Seattle, WA – The Seattle Police Department could potentially lose another third of its already-depleted force by the middle of the month due to the city’s COVID-19 vaccine mandate.
The City of Seattle adopted a mandate imposed by Washington Governor Jay Inslee which requires all healthcare workers and state employees to be fully vaccinated by Oct. 18 if they want to keep their jobs, KING reported.
In order to meet the deadline, employees needed to have received the Johnson & Johnson single-dose vaccine or their second dose of the Moderna or Pfizer vaccine by Oct. 4 to qualify as being fully vaccinated by Oct. 18.
Employees who provided proof of their vaccination by Oct. 5 were also awarded with eight hours of paid leave, The Seattle Times reported.
But as of Oct. 5, as many as 33 percent of the SPD’s sworn employees had not submitted proof of vaccination, according to statistics released by the department.
That means the city could soon lose 354 sworn officers on top of the hundreds of officers who have left SPD since early last year.
Chief Diaz sent out a letter to SPD staff on Oct. 1 imploring them to “get it done.”
“At the moment – we have to assume we have hundreds of unvaccinated individuals based on the information submitted. This could create a disruption to unit of assignments,” the chief wrote. “Please submit your proof of vaccination – or please go get the vaccine and then submit the proof of vaccination.”
Chief Diaz reminded his officers that Oct. 4 would be the last day to receive the vaccine in order to qualify for the Oct. 18 “vaccine mandate deadline.”
The SPD officers who have not submitted proof of being fully vaccinated are not technically in violation of the city’s mandate until the record submission deadline of Oct. 18, SPD spokesperson Sergeant Randy Huserik told The Seattle Times.
“The actual deadline isn’t until Oct. 18, so we will continue to urge people to get their cards in during the next two weeks, and then figure out what our hard numbers will become Oct. 19,” Sgt. Huserik said.
Employees citywide have submitted approximately 700 vaccine exemption requests to Seattle Mayor Jenny Durkan’s office, but it is unclear how many of those exemption requests came from SPD employees, according to The Seattle Times.
The SPD had 1,157 fully-trained, sworn officers as of August, according to the paper.
But 108 of those officers were on disability or leave, leaving the number off officers available to respond to calls at just 1,049.
SPD Releases Current Numbers for Employee COVID Vaccination Status https://t.co/MfBvnYBlyf
— Seattle Police Dept. (@SeattlePD) October 6, 2021
The SPD has lost more than 250 police officers in the past two years, resulting in increased response times due to staffing shortages, KING reported.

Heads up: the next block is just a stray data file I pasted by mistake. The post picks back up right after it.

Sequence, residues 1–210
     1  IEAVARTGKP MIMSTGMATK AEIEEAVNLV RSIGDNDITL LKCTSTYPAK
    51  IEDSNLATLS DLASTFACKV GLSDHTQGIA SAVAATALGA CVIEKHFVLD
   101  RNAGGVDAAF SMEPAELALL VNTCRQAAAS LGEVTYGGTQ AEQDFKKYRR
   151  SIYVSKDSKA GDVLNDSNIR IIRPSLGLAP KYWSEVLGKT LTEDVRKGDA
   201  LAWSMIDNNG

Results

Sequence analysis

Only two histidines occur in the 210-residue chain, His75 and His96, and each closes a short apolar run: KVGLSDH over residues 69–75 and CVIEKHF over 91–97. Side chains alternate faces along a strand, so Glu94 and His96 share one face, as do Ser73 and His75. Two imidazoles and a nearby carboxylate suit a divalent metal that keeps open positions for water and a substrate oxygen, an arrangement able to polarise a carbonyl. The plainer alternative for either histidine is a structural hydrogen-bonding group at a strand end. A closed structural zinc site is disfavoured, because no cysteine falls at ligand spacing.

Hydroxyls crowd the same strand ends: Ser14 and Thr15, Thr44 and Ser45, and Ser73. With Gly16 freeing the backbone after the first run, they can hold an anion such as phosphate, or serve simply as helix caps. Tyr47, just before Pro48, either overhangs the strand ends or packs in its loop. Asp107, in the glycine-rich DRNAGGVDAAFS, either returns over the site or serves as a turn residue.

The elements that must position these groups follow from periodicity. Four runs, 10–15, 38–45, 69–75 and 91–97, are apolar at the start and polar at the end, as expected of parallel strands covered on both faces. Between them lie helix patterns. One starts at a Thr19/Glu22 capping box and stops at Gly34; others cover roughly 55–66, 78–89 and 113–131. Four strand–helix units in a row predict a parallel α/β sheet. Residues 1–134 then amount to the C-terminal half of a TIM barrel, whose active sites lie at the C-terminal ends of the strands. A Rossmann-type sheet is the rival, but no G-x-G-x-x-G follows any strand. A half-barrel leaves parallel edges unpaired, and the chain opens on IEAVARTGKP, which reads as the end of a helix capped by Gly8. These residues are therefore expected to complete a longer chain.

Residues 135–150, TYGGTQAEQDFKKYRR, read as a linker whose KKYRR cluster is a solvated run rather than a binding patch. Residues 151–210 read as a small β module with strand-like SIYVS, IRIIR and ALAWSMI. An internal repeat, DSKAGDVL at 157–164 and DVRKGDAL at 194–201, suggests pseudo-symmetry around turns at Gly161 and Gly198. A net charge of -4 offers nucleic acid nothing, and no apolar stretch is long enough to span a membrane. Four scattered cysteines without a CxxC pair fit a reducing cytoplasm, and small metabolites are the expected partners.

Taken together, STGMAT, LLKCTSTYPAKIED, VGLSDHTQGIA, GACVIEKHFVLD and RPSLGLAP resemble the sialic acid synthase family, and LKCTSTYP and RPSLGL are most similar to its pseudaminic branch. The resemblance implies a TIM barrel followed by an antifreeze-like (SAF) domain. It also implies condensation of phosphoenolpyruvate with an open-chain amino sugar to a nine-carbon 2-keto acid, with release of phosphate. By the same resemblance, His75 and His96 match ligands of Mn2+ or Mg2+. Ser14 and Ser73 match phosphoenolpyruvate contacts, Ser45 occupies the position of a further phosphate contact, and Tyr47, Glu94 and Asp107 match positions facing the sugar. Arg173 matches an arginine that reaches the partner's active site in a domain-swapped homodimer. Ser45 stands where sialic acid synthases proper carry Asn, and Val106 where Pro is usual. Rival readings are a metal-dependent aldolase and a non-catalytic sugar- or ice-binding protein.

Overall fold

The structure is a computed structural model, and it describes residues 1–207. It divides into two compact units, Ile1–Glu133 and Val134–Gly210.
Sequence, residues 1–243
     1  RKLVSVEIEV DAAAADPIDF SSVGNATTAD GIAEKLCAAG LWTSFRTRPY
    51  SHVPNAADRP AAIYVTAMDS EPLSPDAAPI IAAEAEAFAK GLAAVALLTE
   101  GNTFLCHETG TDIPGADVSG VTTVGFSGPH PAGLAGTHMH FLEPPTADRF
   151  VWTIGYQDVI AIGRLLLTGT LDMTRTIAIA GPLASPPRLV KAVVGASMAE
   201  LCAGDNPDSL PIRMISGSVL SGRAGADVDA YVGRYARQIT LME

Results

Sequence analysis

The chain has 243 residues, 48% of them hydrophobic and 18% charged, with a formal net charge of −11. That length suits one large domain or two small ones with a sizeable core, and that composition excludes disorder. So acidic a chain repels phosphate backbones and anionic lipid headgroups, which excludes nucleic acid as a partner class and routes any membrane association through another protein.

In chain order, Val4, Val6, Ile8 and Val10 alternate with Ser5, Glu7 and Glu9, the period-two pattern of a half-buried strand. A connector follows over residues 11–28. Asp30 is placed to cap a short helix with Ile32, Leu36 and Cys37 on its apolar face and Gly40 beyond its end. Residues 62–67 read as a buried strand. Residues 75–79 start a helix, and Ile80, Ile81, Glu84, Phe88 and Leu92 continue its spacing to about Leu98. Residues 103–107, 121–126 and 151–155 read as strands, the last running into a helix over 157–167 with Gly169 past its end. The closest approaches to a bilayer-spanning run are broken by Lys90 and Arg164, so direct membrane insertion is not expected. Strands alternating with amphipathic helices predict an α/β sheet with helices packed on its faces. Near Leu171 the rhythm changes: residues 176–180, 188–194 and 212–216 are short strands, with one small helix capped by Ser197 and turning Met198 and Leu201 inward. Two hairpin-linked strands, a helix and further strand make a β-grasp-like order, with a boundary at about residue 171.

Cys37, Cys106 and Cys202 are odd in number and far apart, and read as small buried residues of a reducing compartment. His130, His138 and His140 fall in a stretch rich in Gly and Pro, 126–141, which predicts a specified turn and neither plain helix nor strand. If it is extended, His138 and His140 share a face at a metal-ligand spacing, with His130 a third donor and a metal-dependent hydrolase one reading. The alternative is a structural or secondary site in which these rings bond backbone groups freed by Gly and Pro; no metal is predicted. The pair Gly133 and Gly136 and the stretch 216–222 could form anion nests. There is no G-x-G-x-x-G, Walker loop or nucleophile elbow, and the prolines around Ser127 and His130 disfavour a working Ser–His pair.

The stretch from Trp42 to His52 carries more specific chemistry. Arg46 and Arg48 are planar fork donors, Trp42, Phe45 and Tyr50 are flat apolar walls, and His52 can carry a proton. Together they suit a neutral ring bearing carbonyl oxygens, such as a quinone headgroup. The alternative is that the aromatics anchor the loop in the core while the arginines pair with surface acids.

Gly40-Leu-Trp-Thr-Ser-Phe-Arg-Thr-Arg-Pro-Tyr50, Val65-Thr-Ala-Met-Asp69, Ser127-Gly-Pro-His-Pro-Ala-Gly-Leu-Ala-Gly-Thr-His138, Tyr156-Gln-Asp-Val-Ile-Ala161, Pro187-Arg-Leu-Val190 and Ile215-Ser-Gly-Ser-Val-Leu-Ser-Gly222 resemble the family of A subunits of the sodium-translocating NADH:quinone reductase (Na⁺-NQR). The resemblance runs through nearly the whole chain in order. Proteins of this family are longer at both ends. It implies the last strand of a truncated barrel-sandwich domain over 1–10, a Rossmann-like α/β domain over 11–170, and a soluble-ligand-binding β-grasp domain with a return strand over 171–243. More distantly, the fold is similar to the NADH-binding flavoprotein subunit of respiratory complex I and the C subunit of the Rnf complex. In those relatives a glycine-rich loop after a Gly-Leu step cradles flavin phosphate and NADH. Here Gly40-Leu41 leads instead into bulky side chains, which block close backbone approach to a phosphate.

SPD Officer Clayton Powell, an African-American man with nearly 27 years of service with the department, told KING in May he planned to put in 30 years before retiring, but that the anti-police sentiment sweeping the nation persuaded him to leave early.
“The support that we had in my generation of policing is no longer there,” Officer Powell told CBS News.
He said concerns and frustrations about “leadership” – or the lack thereof – is the biggest driving force behind the mass exodus, CBS News reported.
Riots erupted 18 months ago in the wake of the in-custody death of George Floyd in Minneapolis and continued for months, leading to clashes between officers and anti-police demonstrators.
During the chaos, city leaders opted to let rioters run police out of one of their precincts and handed the mob an entire neighborhood to turn into an “autonomous zone” for more than a month, CBS News reported.
Rioters attacked Officer Powell and his fellow officers with cinder blocks, bottles, rocks, and other various objects on multiple occasions, he said.
The veteran officer said police were expected to just “stand there and take it,” CBS News reported.
“You see businesses get destroyed and families lose their livelihood because of that destruction and we can’t do anything about it,” Officer Powell told CBS News. “We’re not allowed to intercede.”
Seattle Police Officers Guild President Mike Solan said that as “hundreds” of SPD officers were injured during the riots, elected officials blamed police “for being the instigators” of the violent uprisings, FOX News reported.
The city council then proceeded to slash the SPD budget.
Solan said in May he believed the “overall anti-police sentiment” has accelerated officers’ resignation or retirement plans, according to FOX News.
“Morale is not good, and that’s because we don’t have the political support from our elected officials,” he explained at the time. “And as we’re seeing officers flee this area, it’s a direct result of that lack of political support.”